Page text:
Presentation on theme: "How powerful is your lobby? Financial Industry Power 1. Deregulate Industry 2. Make it harder for middle class to file personal bankruptcy 3. Tax breaks."— Presentation transcript:
How powerful is your lobby? Financial Industry Power 1. Deregulate Industry 2. Make it harder for middle class to file personal bankruptcy 3. Tax breaks
Warren Buffett 1987 Forbes 400 $220 Million to get on $220 Billion combined wealth Avg American Salary $26,000 2011 $1.3 Billion $1.54 Trillion Paris Hilton? Avg. American Salary 48,000 Exactly the same as the CPI
Deregulation Sen. Phil Gramm (R, Texas) Rep. Jim Leach (R, Iowa) Rep. Thomas J. Bliley, Jr. (R, Virginia) Co-sponsors of the Gramm–Leach–Bliley Act Signed into law by President Bill Clinton Repealed part of the Glass– Steagall Act of 1933 Opened up the market among banking companies, securities companies and insurance companies Glass–Steagall prohibited any one institution from acting as any combination of an investment bank, a commercial bank, and an insurance company The Gramm–Leach–Bliley Act, a.k.a., the Financial Services Modernization Act of 1999
Lobby for: 1. US Treasury and Federal Reserve bailouts 2. Tax Breaks Bank of America Bailout$1 Trillion Taxes $1.9 Billion tax refund Goldman Sachs Bailout $800 Million Taxes1.1% on $2.3 Billion profit Citigroup Bailout$2.5 Trillion Taxes $0 on $4 Billion profit
Era of the Wealthy Class One percent of households control 1/3 of the nation’s wealth. The bottom 90% of households in the U.S. earned 57% of the nations income but only controlled 29% of the wealth Statistics from 2004 Federal Reserve Board
How much will your annual income be for the next 30 years? $60,000 $80,000 $100,000?
2008 Individual Returns Median AGI $33,048 Top 1-percent AGI $380,354 Top 10-percent AGI $113,799 Bottom 10-percent AGI $5,942
Cognitive Psychology Departures from rational decision-making that are both systematic and predictable Over-confident and above average bias unduly skews deterrence in connection with products liability and negligent conduct Heuristics or Biases My Job is to help you minimize risk!
Your Earnings From 24 to 65 men earn $ 2,140,200 (Average income of an American with bachelor’s degree in 2009) Your living expenses $1,080,000 Medical expenses $1,500,000 1 Child$600,000 Net on retirement $1,040,000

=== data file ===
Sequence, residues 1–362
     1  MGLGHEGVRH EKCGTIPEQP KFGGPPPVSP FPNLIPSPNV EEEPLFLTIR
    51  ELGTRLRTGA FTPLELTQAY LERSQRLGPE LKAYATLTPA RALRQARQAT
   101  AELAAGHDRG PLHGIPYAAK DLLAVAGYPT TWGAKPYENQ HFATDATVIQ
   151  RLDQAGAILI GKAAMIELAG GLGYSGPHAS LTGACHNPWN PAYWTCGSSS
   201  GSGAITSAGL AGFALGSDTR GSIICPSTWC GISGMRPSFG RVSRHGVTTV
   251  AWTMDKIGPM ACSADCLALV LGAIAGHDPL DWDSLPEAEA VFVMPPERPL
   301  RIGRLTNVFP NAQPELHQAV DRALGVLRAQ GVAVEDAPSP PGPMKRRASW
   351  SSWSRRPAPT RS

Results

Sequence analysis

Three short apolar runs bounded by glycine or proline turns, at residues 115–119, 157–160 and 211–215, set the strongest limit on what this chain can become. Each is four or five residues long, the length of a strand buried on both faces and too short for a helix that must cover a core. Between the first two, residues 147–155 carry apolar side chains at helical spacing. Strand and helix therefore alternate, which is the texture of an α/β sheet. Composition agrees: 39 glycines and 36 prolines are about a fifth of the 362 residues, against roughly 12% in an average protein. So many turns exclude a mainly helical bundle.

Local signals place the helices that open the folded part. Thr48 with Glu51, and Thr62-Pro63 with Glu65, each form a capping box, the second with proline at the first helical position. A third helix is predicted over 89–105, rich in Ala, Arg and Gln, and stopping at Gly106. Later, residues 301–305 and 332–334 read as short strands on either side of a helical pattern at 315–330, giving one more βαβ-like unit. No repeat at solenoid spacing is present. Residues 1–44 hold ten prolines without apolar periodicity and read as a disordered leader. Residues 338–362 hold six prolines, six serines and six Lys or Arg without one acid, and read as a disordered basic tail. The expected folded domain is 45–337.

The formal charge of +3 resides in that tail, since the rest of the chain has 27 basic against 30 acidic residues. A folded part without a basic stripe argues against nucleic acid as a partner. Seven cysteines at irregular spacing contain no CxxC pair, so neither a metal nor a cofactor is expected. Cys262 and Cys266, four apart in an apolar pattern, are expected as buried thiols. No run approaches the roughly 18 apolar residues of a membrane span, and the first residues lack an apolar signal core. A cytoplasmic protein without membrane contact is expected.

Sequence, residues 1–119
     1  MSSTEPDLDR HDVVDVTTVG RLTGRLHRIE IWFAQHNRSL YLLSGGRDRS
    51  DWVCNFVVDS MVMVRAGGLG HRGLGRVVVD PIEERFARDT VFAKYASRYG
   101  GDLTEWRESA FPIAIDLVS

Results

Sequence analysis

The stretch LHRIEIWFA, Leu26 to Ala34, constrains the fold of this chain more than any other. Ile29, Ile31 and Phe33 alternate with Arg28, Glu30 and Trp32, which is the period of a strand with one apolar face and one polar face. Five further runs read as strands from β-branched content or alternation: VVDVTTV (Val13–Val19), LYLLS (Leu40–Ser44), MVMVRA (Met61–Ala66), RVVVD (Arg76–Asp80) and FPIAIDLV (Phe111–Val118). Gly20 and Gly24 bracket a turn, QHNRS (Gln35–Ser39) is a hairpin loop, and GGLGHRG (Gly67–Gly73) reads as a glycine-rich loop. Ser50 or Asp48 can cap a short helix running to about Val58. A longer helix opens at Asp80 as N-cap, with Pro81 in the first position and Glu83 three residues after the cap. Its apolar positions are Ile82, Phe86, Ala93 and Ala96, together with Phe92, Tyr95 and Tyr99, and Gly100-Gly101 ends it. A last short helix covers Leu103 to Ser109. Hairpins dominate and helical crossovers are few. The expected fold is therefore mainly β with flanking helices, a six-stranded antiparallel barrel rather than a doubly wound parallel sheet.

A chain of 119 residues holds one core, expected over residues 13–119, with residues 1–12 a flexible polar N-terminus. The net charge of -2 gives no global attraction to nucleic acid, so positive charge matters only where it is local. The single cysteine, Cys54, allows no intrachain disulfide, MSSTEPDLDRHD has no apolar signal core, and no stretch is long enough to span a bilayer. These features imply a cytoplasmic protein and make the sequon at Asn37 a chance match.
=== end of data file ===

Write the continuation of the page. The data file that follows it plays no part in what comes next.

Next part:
$ 100 B bailout Default Rates Cars and Children
A Tale of Two Countries Broadland ( ) Population 203 Million Poor 25 Million 13 % Richistan ( ) Population 307 Million Poor45 Million 14 %
Income Distribution 1974 the top 1% earned 8% of all income 2009 the top 1% earned 25% of all income 2009 the top 0.1% earned 12% of all income the top 0.01% earned 6% of all income The 400 richest Americans have more wealth than the bottom 155 million combined.
The Government invests: Wealthy children $ 665,000 Poor children $ 40,000 $450,000 Home Mtg $ 150, Svgs $ 18,000 child tax credit $47,000 public school $1million Home mortgage interest deduction lasts 30 yrs 529 and child tax credit last 18 years TANF funds $ 3,000 Public school$25,000 TANF has a 5 year max
Let’s include capital gains and estate taxes Annual income $385,000 60% from capital gains15% tax rate Over 30 years $2,079,000 Eliminating estate taxes $666,000,000,000
How much do we invest? Wealthy children $ 2,665,000 Poor children $ 40,000
The Racial Divide
Does Inequality Matter? Inequality is positively correlated with: Homicide rates Infant mortality rates Disease and morbidity Illiteracy High school drop out rates Illegal drug use Mental illness Distrust of others Social immobility
Unsustainable Investment 30 years in prison $504,690
Your Earnings From 24 to 65 Duke Law School grads $ 3,000,000 Your living expenses $1,080,000 2 Children $2,200,000 Medical expenses $1,500,000 Net on retirement $1,780,000
Your Earnings From 24 to 65 Duke Law School grads $ 3,000,000 Your living expenses $1,080,000 1 Child $1,100,000 Medical expenses $1,500,000 Net on retirement $680,000
Women in Retirement: % or 13mill single women are entirely dependent on SS Below poverty line If she owns her own home <50% If she doesn’t<70%
If the top 10% strongly support a bill, it is 3 times as likely to pass as when they oppose it. For the bottom 10%, 90% support is indistinguishable from 10% support for a measure in impact on representatives. Strong support from middle income voters has no discernable impact on representatives. Inequality is strongly correlated with lower voter participation, particularly by voters at the bottom of the income distribution.